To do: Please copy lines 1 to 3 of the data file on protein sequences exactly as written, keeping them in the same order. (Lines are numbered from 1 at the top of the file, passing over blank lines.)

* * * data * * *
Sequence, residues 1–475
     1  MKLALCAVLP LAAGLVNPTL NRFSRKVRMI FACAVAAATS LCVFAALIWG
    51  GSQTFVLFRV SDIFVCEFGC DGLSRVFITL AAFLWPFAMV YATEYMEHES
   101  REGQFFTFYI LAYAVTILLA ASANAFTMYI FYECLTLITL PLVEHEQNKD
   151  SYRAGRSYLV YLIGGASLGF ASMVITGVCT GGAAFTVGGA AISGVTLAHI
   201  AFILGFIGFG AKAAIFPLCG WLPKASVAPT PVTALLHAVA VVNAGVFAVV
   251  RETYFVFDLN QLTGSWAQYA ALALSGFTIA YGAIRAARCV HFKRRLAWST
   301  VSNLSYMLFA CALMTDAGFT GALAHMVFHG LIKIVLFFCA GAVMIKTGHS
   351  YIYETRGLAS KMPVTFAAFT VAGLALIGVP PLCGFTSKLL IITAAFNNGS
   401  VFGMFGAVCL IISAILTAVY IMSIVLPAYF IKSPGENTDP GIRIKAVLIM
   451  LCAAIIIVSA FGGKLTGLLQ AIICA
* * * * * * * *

Sequence, residues 1–475
     1  MKLALCAVLP LAAGLVNPTL NRFSRKVRMI FACAVAAATS LCVFAALIWG
    51  GSQTFVLFRV SDIFVCEFGC DGLSRVFITL AAFLWPFAMV YATEYMEHES